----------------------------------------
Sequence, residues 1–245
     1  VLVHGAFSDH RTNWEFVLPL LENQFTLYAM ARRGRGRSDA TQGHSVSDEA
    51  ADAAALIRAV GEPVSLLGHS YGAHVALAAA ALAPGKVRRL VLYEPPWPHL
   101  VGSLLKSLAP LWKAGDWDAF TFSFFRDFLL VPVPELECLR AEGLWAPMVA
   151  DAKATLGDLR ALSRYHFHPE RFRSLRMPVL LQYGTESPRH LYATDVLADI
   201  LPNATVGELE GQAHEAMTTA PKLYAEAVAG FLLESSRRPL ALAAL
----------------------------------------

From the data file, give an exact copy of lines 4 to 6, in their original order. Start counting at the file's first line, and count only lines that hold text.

   101  VGSLLKSLAP LWKAGDWDAF TFSFFRDFLL VPVPELECLR AEGLWAPMVA
   151  DAKATLGDLR ALSRYHFHPE RFRSLRMPVL LQYGTESPRH LYATDVLADI
   201  LPNATVGELE GQAHEAMTTA PKLYAEAVAG FLLESSRRPL ALAAL